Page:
Mitch Landrieu was the 61st Mayor of New Orleans (2010-2018). When he took office, the city was still recovering from Hurricane Katrina and in the midst of the BP Oil Spill. Under Landrieu’s leadership, New Orleans is widely recognized as one of the nation’s great comeback stories. In 2015, Landrieu was named “Public Official of the Year” by Governing, and in 2016 was voted “America’s top turnaround mayor” in a Politico survey of mayors. He gained national prominence for his powerful decision to take down four Confederate monuments in New Orleans, which also earned him the prestigious John F. Kennedy Profile in Courage Award.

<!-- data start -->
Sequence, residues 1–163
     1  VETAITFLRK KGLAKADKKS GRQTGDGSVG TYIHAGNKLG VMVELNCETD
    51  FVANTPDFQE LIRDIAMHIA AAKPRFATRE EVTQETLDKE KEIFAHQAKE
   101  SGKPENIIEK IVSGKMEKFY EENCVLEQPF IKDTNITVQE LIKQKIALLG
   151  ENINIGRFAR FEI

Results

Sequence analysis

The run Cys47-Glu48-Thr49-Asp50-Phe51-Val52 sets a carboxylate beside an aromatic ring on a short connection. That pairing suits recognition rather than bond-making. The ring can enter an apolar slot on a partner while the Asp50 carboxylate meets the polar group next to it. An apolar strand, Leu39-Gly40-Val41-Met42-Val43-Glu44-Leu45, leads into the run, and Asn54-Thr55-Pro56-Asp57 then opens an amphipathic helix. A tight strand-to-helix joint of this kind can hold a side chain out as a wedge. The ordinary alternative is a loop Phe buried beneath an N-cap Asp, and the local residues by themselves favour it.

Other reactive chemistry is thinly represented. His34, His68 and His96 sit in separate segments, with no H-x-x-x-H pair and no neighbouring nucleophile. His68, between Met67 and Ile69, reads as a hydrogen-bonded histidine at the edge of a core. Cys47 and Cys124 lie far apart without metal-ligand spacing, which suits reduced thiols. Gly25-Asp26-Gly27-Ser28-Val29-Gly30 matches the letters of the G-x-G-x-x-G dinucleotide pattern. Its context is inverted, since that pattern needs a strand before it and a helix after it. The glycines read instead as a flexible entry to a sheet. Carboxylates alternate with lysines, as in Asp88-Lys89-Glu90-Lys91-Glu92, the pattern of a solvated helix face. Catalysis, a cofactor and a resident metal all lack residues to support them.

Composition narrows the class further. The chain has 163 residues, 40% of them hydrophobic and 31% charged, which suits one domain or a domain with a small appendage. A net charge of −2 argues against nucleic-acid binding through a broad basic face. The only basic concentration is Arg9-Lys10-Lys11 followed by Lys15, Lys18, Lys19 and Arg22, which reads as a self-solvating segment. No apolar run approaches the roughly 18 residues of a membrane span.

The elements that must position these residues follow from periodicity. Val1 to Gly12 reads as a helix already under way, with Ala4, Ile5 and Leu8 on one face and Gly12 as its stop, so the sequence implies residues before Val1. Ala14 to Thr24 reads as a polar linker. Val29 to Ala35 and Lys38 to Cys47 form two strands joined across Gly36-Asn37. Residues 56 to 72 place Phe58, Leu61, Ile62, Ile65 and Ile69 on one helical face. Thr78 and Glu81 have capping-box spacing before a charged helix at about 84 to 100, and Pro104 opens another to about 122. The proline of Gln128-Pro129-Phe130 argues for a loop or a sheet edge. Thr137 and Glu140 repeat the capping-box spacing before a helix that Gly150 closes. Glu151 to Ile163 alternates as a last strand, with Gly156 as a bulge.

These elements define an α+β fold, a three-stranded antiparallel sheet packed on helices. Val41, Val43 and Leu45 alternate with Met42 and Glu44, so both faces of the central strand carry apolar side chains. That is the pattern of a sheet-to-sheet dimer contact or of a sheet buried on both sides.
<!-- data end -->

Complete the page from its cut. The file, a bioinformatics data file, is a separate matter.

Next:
In his book, In the Shadow of Statues: A White Southerner Confronts History, Landrieu recounts his personal journey confronting racism, and tackles the broader history of slavery, race relations, and institutional inequalities that still plague America. He recently launched the E Pluribus Unum Fund, which will work to bring people together across the South around the issues of race, equity, economic opportunity and violence. Prior to serving as mayor, Landrieu served two terms as lieutenant governor and 16 years in the state legislature. He also served as President of the U.S. Conference of Mayors.
Photo Credit: Cheryl Gerber
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